• Breaking weak encryption
  • Identify using
    • signatures
    • known copy of virus
    • check-summing of virus
virus antivirus techniques quarantine
Virus: Antivirus Techniques Quarantine
  • Quarantine isolates infected file from rest of the system
    • Often, copying of file to a quarantine directory
    • Trivially encrypt file to make it unrunnable
    • Render files in quarantine directory invisible
virus antivirus techniques disinfection
Virus: Antivirus Techniques Disinfection
  • Restore files from backup
  • Virus-specific actions
virus antivirus techniques anti macro virus
Virus: Antivirus Techniques Anti-Macro Virus
  • Macro can change through reformatting
    • MS Word document converter has produced new versions of a macro virus
    • Bugs in macro virus propagation mechanism can introduce new variants
    • Macro virus can incorporate other macros
      • Happened to a Word macro snatching two anti-virus macros from MS
anti anti virus techniques
Anti-Anti-Virus Techniques
  • Aggressively attack anti-virus software
  • Impede anti-virus analysis by anti-virus labs
  • Use knowledge of anti-virus mechanisms to avoid dectection
  • Not anti-virus virus
    • “Beneficial” virus
anti anti virus techniques retrovirus
Anti-Anti-Virus Techniques Retrovirus
  • Disables anti-virus software
    • Virus has list of process names of anti-virus products
    • Kills any processes with these names
    • Disables antivirus program
      • Ganda inspects programs that run at start-up (autorun)
      • Replaces first instruction of identified anti-virus programs with a return
    • Reduce priority of anti-virus software so that it never runs
    • Disable look-up of antivirus software updates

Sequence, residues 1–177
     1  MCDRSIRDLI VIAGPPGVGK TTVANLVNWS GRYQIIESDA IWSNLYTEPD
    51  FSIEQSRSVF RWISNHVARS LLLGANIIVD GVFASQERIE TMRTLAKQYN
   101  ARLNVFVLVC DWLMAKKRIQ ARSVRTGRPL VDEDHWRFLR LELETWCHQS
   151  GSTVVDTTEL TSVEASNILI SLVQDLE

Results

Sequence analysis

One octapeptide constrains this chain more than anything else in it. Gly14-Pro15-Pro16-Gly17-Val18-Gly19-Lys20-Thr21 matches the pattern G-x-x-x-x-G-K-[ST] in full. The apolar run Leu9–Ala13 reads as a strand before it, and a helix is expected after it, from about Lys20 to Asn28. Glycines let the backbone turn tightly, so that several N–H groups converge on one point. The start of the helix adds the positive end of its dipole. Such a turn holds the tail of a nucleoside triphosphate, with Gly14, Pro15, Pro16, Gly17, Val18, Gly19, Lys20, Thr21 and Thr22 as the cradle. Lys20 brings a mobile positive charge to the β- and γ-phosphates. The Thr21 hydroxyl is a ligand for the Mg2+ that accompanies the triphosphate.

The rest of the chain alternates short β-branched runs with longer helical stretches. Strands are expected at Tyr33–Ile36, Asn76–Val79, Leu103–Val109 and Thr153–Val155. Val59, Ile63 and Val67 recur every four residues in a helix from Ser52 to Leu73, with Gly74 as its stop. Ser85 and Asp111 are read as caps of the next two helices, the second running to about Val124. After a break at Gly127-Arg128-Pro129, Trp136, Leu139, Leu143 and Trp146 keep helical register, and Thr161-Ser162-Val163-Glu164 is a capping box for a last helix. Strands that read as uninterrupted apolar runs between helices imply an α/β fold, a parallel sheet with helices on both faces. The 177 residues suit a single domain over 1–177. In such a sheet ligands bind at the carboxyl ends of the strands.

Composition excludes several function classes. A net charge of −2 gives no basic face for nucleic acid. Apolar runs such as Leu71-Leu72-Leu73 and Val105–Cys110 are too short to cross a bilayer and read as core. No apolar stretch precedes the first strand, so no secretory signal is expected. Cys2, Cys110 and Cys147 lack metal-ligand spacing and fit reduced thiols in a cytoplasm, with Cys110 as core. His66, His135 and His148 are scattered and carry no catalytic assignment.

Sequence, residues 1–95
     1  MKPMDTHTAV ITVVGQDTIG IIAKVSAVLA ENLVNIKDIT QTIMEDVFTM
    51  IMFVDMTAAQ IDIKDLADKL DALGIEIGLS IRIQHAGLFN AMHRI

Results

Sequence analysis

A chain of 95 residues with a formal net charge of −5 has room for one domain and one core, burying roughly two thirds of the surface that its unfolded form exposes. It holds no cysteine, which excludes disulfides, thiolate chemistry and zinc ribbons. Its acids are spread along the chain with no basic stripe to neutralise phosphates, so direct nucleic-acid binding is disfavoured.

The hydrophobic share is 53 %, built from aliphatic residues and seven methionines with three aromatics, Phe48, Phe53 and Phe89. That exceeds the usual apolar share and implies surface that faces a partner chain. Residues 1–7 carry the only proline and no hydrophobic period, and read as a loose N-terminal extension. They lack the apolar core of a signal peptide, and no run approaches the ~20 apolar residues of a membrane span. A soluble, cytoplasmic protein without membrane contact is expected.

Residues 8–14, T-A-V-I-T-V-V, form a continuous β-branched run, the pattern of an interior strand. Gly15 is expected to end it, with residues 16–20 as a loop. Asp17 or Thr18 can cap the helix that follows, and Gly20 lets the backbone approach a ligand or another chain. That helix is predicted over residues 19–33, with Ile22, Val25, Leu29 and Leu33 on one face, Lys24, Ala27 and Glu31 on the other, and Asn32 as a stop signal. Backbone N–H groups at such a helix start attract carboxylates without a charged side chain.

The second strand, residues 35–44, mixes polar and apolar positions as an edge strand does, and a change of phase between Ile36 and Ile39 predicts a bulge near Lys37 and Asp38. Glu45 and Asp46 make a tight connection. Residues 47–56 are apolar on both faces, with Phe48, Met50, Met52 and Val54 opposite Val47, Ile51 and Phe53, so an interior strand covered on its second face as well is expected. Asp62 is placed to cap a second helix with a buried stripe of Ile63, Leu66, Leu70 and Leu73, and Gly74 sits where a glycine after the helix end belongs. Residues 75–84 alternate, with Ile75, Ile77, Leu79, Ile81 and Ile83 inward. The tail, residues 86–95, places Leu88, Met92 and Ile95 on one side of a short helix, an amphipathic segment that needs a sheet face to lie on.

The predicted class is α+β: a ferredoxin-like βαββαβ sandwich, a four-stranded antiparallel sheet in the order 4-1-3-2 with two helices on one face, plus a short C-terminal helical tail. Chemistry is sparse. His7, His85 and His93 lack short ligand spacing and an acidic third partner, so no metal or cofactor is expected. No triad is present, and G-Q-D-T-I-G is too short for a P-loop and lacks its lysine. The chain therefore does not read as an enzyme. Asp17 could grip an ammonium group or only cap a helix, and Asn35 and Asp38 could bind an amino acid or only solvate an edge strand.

anti anti virus techniques67
Anti-Anti-Virus Techniques
  • Entry point obfuscation (EPO)
    • Alternative ways of getting virus code to run
      • Simile, Ganda look for calls to ExitProcess API
anti anti virus techniques anti emulation
Anti-Anti-Virus Techniques Anti-Emulation
  • Outlast emulation
    • Virus can do nothing bad for a long time
    • Virus only replicates randomly
    • Entry-point obfuscation also delays virus execution
  • Outsmarting emulation
    • Restructure viral code
      • No longer looks like a virus
anti anti virus techniques anti emulation69
Anti-Anti-Virus Techniques Anti-Emulation
  • Emulator detection
    • Use undocumented CPU instructions
      • In the hope that emulator crashes on them
    • Exploit differences in CPU
    • Attack emulator memory system
      • use many memory addresses
      • go to unusual memory locations
    • Test for changes between API calls
      • E.g. emulator returns always the same time stamp
    • Import obscure libraries
    • Looking for external things
      • Hard to emulate
    • Check for specific emulators
anti anti virus techniques armoring anti debugging
Anti-Anti-Virus Techniques Armoring, Anti-Debugging
  • Armoring
    • Use anti-reverse engineering techniques to make analysis of virus behavior difficult
  • Detecting Debug Mode
    • Use debugger specific idiosyncrasies
    • Detect breakpoint insertion
      • Breakpoints are implemented through system interrupts
    • Check for single-stepping
      • Interrupt dumps info on stack
        • Push on stack, then pop, see whether item is still there
      • Check for system time
      • Manipulate prefetch queue in CPU
    • Use IsDebuggerPresent API
anti anti virus techniques tunneling
Anti-Anti-Virus Techniques Tunneling
  • Tunneling virus backtracks interrupt chain to go directly to DOS and BIOS interrupt handlers
  • Avoids monitoring
  • Only possible in MS-DOS
    • Kernel software protected in other OS
anti anti virus techniques anti integrity checking
Anti-Anti-Virus Techniques Anti-Integrity Checking
  • Polymorphic virus can hide file changes against simple checksums
  • Slow virus only changes files that are about to be changed anyway
anti anti virus techniques avoidance
Anti-Anti-Virus Techniques Avoidance
  • Virus infects areas that are not checked by anti-virus software
worms
Worms

Worms:

  • Propagates across a network
  • Typically, does not require user action for propagation.

Virus:

  • Infects files.
  • Typically requires user interaction.
worms75
Worms

Worm Components

  • Warhead
  • Propagation Engine
  • Target Selection Algorithm
  • Scanning Engine
  • Payload
worm warhead
Worm Warhead
  • A piece of code that exploits a vulnerability on the target system
    • Exploits such as Buffer Overflow Exploits
    • File Sharing Attacks
    • E-mail
    • Common Mis-configurations
worm propagation engine
Worm Propagation Engine
  • After gaining access, the worm must transfer itself to the target machine.
  • Some worms are completely contained in the warhead.
  • File Transfer Mechanisms
    • FTP
    • TFTP
    • HTTP